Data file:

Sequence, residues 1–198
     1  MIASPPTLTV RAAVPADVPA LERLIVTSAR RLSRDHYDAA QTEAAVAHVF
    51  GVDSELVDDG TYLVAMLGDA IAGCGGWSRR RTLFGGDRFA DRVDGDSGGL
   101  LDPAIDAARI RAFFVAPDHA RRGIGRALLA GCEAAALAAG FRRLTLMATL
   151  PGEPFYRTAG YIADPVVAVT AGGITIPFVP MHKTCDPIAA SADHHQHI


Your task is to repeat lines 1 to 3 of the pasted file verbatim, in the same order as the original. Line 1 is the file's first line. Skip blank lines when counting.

Sequence, residues 1–198
     1  MIASPPTLTV RAAVPADVPA LERLIVTSAR RLSRDHYDAA QTEAAVAHVF
    51  GVDSELVDDG TYLVAMLGDA IAGCGGWSRR RTLFGGDRFA DRVDGDSGGL